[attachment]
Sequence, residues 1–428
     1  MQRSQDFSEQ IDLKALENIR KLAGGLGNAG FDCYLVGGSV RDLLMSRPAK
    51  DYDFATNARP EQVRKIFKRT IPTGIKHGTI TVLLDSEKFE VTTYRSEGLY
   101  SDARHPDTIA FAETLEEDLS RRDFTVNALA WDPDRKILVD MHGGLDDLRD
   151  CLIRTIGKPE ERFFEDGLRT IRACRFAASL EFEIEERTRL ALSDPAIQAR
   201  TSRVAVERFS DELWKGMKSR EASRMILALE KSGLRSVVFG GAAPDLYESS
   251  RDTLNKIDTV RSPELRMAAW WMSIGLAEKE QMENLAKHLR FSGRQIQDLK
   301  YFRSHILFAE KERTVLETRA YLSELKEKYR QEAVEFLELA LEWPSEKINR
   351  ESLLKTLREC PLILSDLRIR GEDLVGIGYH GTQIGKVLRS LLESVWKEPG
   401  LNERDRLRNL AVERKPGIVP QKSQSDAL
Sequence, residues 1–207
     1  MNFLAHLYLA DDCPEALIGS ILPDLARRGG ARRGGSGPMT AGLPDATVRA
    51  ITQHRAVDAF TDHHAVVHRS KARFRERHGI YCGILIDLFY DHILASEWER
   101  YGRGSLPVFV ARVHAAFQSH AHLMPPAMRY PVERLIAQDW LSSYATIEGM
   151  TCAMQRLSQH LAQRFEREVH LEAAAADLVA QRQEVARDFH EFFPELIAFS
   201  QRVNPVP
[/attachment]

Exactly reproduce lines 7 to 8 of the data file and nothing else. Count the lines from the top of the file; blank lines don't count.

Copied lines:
   251  RDTLNKIDTV RSPELRMAAW WMSIGLAEKE QMENLAKHLR FSGRQIQDLK
   301  YFRSHILFAE KERTVLETRA YLSELKEKYR QEAVEFLELA LEWPSEKINR